"To all the people in Japan," Andy Anderson says into a camera, holding an American flag.
By his side is Jeanne, his wife, with a Japanese flag. "You are not alone," she adds.
They are then joined by a group of 30 or so college students. "Our thoughts are with you, wishing for good health."
Then, as a finale: "GANBARO!"
The word is Japanese for "We can do this," or "Let's fight." It became something of a rallying cry in the aftermath of the 2011 earthquake and tsunami that devastated northeastern Japan. The Andersons hope it can serve a similar role nine years on, as the world grapples with the coronavirus pandemic.
In 2011, the Andersons experienced unspeakable tragedy. Their 24-year-old daughter, Taylor, went missing in Ishinomaki, one of the cities hit hardest by the tsunami. She had been teaching English to school children there as part of the Japanese government-sponsored JET program.
I was stationed in New York in 2011. Right after the tsunami, I flew to Richmond, Virginia to interview the Andersons. They wanted to spread news in Japan about their missing daughter, in the hope that it would help her be found. A few days later, as Andy was getting ready to leave for Japan to search for Taylor himself, he got a call from the US embassy in Tokyo. A body had been found and it was likely his daughter's.
Andy flew to Ishinomaki to identify the body. It was a difficult trip but he says the overwhelming kindness he was greeted with helped him make it through. He says many people came up to him to express condolences. This was despite the fact that they were dealing with their own tragedy, grieving their own family members. Andy says it was an inspiring experience.
"We knew Taylor would want to help them if she was still alive," he says. "She would stay there to try to help. So we felt like we should fill that role."
It was during his trip to Ishinomaki that Andy got the idea of launching a fund in his daughter's name to "help students, families, and schools recover."
In the nine years since, the Taylor Anderson Memorial Fund has provided fifteen schools in Ishinomaki with "Taylor Bunko," or Taylor's Libraries. They are sets of English books with wooden shelves, specially made by craftsman Shinichi Endo, who lost three children in the tsunami. The fund has also been awarding scholarships to the Sendai YMCA Hotel and Confectionary school to students from families that are struggling financially.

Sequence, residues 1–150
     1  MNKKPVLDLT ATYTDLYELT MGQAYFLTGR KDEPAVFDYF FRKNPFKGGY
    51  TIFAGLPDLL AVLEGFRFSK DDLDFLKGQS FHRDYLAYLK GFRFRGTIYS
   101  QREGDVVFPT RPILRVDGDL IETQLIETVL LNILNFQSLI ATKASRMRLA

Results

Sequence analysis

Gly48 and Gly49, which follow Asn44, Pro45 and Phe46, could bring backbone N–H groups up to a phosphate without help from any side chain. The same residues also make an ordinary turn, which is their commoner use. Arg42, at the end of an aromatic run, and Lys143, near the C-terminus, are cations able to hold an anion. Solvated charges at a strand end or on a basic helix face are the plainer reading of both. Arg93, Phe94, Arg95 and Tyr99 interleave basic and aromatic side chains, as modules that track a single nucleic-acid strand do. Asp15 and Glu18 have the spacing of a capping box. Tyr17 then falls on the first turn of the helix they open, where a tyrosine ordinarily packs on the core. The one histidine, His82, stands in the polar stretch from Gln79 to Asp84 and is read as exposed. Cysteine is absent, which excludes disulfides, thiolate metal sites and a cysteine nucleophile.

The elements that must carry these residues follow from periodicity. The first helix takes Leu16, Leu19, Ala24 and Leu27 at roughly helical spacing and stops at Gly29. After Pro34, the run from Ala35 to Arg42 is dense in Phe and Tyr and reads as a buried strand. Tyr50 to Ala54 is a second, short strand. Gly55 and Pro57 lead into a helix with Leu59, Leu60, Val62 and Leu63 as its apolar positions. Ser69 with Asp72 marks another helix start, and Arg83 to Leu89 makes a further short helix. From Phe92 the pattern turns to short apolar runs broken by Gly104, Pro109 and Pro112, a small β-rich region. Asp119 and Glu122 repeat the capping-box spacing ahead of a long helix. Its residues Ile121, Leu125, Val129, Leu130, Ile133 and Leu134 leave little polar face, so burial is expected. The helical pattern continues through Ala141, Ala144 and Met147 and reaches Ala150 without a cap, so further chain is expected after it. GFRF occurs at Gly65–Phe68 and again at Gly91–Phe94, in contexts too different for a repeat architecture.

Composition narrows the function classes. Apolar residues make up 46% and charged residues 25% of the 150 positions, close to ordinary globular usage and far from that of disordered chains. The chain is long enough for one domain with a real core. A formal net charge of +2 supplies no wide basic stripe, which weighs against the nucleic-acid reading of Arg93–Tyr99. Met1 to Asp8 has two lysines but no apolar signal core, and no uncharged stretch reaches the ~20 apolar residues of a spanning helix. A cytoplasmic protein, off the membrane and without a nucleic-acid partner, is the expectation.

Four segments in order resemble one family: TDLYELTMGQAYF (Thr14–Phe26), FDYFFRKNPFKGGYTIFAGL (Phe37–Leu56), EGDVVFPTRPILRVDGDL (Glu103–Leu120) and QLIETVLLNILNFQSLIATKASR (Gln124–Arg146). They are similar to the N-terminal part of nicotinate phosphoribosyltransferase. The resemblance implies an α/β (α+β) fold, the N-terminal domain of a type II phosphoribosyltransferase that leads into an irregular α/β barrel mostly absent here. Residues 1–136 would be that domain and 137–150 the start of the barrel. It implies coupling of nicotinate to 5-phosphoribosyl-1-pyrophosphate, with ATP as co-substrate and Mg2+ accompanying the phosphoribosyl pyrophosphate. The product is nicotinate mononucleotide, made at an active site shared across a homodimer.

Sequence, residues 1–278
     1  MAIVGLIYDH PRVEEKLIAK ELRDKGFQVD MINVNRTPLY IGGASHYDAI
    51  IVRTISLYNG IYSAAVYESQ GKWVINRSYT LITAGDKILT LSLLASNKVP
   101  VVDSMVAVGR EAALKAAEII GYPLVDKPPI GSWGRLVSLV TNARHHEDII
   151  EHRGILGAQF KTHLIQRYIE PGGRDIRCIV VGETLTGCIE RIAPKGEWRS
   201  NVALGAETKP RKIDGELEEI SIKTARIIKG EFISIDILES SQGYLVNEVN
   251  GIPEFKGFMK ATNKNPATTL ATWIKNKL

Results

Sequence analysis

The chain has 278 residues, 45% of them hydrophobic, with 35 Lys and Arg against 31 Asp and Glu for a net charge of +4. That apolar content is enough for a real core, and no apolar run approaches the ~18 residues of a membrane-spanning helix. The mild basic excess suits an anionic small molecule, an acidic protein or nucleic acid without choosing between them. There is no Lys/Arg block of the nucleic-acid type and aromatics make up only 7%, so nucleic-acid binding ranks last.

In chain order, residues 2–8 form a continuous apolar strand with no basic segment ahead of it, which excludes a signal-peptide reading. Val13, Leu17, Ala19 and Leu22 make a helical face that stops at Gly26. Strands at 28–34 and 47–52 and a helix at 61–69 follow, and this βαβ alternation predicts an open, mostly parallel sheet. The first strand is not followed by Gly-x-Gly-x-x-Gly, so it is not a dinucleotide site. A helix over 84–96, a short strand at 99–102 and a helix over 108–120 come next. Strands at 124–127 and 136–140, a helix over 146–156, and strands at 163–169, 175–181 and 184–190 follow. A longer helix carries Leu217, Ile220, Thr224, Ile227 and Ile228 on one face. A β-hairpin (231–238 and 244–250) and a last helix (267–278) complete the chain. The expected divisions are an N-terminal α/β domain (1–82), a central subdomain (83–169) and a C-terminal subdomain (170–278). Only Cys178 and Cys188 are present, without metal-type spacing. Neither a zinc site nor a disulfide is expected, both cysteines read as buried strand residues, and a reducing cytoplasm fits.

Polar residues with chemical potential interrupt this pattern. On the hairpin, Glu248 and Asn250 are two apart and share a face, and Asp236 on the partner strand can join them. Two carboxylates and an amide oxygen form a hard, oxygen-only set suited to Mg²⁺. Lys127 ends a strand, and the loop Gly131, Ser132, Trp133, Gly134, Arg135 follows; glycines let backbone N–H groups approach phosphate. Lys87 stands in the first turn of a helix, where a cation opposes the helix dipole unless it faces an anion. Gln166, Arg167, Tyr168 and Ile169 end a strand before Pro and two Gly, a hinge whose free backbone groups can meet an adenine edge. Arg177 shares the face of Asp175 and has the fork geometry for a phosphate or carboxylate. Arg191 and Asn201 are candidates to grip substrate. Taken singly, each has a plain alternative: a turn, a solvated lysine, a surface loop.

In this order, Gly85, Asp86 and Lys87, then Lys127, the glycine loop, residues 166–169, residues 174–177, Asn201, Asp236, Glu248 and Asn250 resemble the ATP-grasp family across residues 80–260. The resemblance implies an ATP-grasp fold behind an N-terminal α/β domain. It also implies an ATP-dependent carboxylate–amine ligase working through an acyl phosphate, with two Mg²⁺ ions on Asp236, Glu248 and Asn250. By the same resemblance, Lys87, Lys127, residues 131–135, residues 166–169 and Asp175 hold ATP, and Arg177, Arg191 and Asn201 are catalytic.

When I visited the school in February, 11 scholarship recipients were enrolled in classes. Half were set to graduate in a month's time, with jobs already secured.
Taylor's motto as a teacher was "Follow your dream" and many of her former students say she always encouraged them to do what they love. Andy says this same belief forms the basis of the scholarship program.
"Taylor was following her own dream, learning the Japanese language, going to the country to teach children," he says. "She wanted her students to know they too can do that."
Taylor's legacy also lives on at her alma mater, Randolph-Macon College in Ashland, Virginia. Since her death, the school has significantly increased its Japanese language and culture programs. It has been awarded grants from various US and Japanese government and private funds, such as the TOMODACHI Initiative and the Kakehashi Program, and has used this money to hire faculty and organize trips to Japan. Since 2012, over 200 students and staff members have visited the country.
BJ Camano, a junior, took part in one of these trips last year. He says a visit to Ishinomaki left a particularly big impression on him.
"We saw the resilience of the people and how much they were able to rebuild," he says.
He says he hopes he and others who have participated in these trips "will be able to continue to bridge the two countries," as Taylor herself wished to do.
This year, the coronavirus pandemic has forced Randolph-Macon to cancel some of these programs. On a recent trip to campus, the Andersons met a group of disappointed students who had been scheduled to visit Tokyo in March. That's when they decided to record a video message to the people of Japan.
"With their kindness and friendship, they helped us through the last nine years," Andy says. "We want to return the favor."
Since the Andersons recorded the message with the students, Randolph-Macon college has suspended in-person classes and all campus activities throughout the spring term due to the coronavirus pandemic.